Does access to clinical study reports from the European Medicines Agency reduce reporting biases? A systematic review and meta-analysis of randomized controlled trials on the effect of erythropoiesis-stimulating agents in cancer patients.

Rohner, Eliane; Grabik, Michael; Tonia, Thomy; Jüni, Peter; Pétavy, Frank; Pignatti, Francesco; Bohlius, Julia (2017). Does access to clinical study reports from the European Medicines Agency reduce reporting biases? A systematic review and meta-analysis of randomized controlled trials on the effect of erythropoiesis-stimulating agents in cancer patients. PLoS ONE, 12(12), e0189309. Public Library of Science 10.1371/journal.pone.0189309

[img]
Preview
Text
Rohner PLoSOne 2017.pdf - Published Version
Available under License Creative Commons: Attribution (CC-BY).

Download (1MB) | Preview

Since 2010, the European Medicines Agency (EMA) has provided access to clinical study reports (CSRs). We requested CSRs for randomized controlled trials (RCTs) of erythropoiesis-stimulating agents (ESAs) in cancer patients from EMA and identified RCT publications with literature searches. We assessed CSR availability and completeness, the impact of unreported and unpublished data obtained from CSRs on the effects of ESAs on quality of life (QoL) of cancer patients, and discrepancies between data reported in the public domain and in CSRs. We used random-effects meta-analyses to evaluate the effect of ESAs on QoL measured with Functional Assessment of Cancer Therapy-Anemia (FACT-An), FACT-Fatigue (FACT-F) and FACT-Anemia Total (FACT-An Total) stratified by data source and the impact of discrepancies on QoL, mortality, adverse events, and clinical effectiveness outcomes. We identified 94 eligible RCTs; CSRs or other study documentation were available for 17 (18%) RCTs at EMA. Median report length was 1,825 pages (range 72-14,569). Of 180 outcomes of interest reported in the EMA documentation, 127 (71%) were publicly available. For 80 of those (63%) we noted discrepancies, but these had little impact on the pooled effect estimates. Of 27 QoL outcomes reported in the CSRs, 17 (63%) were unpublished. Including six unpublished comparisons (pooled mean difference [MD] 0.20; 95% confidence interval [CI] -1.93, 2.33) reduced the pooled effect of ESAs for FACT-An from MD 5.51 (95% CI 4.20, 6.82) in published data to MD 3.21 (95% CI 1.38, 5.03), which is below a clinically important difference (defined as MD ≥4). Effects were similar for FACT-F and FACT-An Total. Access to CSRs from EMA reduced reporting biases for QoL outcomes. However, EMA received documentation for a fraction of all RCTs on effects of ESAs in cancer patients. Additional efforts by other agencies and institutions are needed to make CSRs universally available for all RCTs.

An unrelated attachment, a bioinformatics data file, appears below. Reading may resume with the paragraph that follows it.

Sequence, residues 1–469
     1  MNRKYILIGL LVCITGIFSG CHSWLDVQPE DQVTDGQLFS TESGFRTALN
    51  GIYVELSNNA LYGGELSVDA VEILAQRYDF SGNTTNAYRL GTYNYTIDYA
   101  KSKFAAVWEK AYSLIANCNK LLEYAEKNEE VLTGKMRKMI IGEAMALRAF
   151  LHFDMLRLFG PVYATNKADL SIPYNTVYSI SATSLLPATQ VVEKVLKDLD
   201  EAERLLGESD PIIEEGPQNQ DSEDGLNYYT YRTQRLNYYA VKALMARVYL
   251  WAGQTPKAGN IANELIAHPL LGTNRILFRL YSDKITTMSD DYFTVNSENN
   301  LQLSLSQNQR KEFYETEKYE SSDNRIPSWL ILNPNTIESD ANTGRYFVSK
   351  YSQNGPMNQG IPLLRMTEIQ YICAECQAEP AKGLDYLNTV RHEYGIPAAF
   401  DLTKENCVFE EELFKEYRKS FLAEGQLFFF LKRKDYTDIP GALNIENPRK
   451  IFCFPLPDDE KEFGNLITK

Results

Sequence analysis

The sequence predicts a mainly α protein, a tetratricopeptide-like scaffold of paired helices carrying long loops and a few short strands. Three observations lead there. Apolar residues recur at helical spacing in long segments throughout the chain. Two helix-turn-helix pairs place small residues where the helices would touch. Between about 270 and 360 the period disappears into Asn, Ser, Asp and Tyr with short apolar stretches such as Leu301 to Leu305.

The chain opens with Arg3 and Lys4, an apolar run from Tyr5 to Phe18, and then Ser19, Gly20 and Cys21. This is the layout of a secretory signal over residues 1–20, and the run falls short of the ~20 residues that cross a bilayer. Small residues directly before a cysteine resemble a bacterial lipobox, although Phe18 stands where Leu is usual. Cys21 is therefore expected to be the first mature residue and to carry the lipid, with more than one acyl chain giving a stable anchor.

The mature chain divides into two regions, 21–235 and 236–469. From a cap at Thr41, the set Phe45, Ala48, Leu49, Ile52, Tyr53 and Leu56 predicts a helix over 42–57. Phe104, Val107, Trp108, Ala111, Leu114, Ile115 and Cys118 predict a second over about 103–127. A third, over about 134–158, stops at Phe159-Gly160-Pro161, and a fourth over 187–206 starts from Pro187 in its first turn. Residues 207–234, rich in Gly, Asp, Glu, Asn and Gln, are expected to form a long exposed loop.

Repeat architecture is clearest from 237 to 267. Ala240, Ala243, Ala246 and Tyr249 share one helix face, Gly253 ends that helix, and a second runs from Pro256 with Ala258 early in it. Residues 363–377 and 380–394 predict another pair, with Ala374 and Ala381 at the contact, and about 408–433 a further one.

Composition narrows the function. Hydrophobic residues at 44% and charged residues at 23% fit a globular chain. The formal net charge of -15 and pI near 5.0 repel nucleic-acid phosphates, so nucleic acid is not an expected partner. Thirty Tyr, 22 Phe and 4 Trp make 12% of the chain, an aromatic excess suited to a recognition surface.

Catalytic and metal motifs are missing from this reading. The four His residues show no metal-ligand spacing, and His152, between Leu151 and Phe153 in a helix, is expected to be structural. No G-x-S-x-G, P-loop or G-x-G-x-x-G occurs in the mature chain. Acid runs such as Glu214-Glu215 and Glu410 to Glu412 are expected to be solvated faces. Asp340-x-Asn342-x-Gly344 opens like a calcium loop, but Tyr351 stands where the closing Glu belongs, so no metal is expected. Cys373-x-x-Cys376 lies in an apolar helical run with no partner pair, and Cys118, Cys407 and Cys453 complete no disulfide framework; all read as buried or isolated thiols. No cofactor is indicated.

Item Type:

Journal Article (Original Article)

Division/Institute:

04 Faculty of Medicine > Pre-clinic Human Medicine > Institute of Social and Preventive Medicine
04 Faculty of Medicine > Other Institutions > Teaching Staff, Faculty of Medicine

UniBE Contributor:

Rohner, Eliane; Tonia, Thomai and Bohlius, Julia

Subjects:

600 Technology > 610 Medicine & health
300 Social sciences, sociology & anthropology > 360 Social problems & social services

ISSN:

1932-6203

Publisher:

Public Library of Science

Language:

English

Submitter:

Doris Kopp Heim

Date Deposited:

14 Dec 2017 10:12

Last Modified:

10 Jan 2018 08:33

Publisher DOI:

10.1371/journal.pone.0189309

PubMed ID:

29228059

BORIS DOI:

10.7892/boris.107983

URI:

https://boris.unibe.ch/id/eprint/107983

Actions (login required)

Edit item Edit item
Provide Feedback